South Australians farewell a historic water icon

Posted 18 July 2018

Batchelor's BridgeSouth Australia’s Kangaroo Creek is on the rise thanks to consistent rainfall, with locals saying farewell to one of the state’s historic icons until the next dam release. 

The historic Batchelor's Bridge in the Kangaroo Creek Reservoir is set to be submerged again after it was temporarily revealed during a planned emptying of the Adelaide Hills water storage earlier in the year. 

The mostly-intact Batchelor's Bridge was one of six built in the area between 1912 and 1925, around 40 years prior to construction of the dam, and has attracted unprecedented public interest during the latest release. 

SA Water General Manager of Asset Operations and Delivery Mark Gobbie said the rare sight of the bridge attracted many enthusiasts from around the state.

"We estimate around 10,000 people travelled to the look-out on nearby Gorge Road over the three to four months the bridge was visible -– everyone from infrastructure enthusiasts to history buffs to descendants of those who built the bridge," Gobbie said.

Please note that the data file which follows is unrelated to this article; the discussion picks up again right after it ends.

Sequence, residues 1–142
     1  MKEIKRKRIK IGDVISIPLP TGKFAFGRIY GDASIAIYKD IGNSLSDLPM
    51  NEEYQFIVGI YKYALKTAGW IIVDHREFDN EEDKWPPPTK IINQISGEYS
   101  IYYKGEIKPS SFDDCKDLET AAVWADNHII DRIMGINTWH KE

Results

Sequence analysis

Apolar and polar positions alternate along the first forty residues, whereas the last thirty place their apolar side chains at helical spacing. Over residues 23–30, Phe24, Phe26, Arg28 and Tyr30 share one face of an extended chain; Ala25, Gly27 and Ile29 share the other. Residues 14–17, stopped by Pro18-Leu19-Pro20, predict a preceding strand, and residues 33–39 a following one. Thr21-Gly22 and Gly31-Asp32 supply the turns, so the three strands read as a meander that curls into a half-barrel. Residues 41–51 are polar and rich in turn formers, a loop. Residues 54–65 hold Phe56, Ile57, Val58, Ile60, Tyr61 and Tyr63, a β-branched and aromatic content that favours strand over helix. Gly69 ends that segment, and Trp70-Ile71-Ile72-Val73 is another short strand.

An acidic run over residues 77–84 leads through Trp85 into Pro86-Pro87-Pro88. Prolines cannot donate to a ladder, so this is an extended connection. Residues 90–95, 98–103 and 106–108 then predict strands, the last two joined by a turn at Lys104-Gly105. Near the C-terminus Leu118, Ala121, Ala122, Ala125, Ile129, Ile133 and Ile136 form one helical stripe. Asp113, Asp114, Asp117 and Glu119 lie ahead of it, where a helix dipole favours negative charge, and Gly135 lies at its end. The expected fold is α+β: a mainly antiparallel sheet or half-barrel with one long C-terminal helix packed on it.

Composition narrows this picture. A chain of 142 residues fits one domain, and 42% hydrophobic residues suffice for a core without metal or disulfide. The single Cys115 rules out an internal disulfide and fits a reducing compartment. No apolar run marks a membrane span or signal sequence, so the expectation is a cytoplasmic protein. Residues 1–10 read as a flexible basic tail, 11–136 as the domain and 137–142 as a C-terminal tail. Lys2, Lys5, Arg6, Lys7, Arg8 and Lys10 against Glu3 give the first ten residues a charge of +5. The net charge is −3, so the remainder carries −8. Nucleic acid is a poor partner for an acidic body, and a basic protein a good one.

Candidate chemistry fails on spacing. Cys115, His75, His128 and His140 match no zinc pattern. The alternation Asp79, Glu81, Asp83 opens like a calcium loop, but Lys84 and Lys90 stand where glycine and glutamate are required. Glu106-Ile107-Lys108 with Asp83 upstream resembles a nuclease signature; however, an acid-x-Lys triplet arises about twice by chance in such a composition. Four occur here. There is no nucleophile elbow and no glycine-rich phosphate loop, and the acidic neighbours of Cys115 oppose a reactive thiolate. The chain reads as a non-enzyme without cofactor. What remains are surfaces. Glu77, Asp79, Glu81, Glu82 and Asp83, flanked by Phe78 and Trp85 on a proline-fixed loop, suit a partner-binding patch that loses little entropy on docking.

"The picturesque natural surroundings at Kangaroo Creek and the sheer size of the dam already make it a popular tourist destination, but it was impressive to see how many people took the opportunity to see a piece of South Australia's history, while they still could."

The 28.8 metre-long bridge was built to convey Gorge Road users across the Torrens, but was abandoned in 1966, just prior to construction of Kangaroo Creek.

Gobbie said releasing the dam allowed SA Water personel to undertake important asset work, with further work planned once the water level rises.

"Bringing the dam to zero capacity this year allowed our contractors to work on a 10,500 square-metre concrete slab on the upstream face of the embankment," Gobbie said. 

"As the water level rises again, crews will work on the other side of the embankment, widening its base with 180,000 of the 300,000 cubic metres of rock blasted from the dam spillway. 

"It may take another year or so for the reservoir to naturally refill to pre-emptying levels, but until then, the flexibility of our water network means customers usually provided drinking water from Kangaroo Creek can be supplied through another part of the system."

Intended to allow SA Water to better manage major floods and increase the dam's ability to withstand earthquakes, the $94 million Kangaroo Creek Dam safety upgrade began in early 2016 and is on track for completion in late 2019. 

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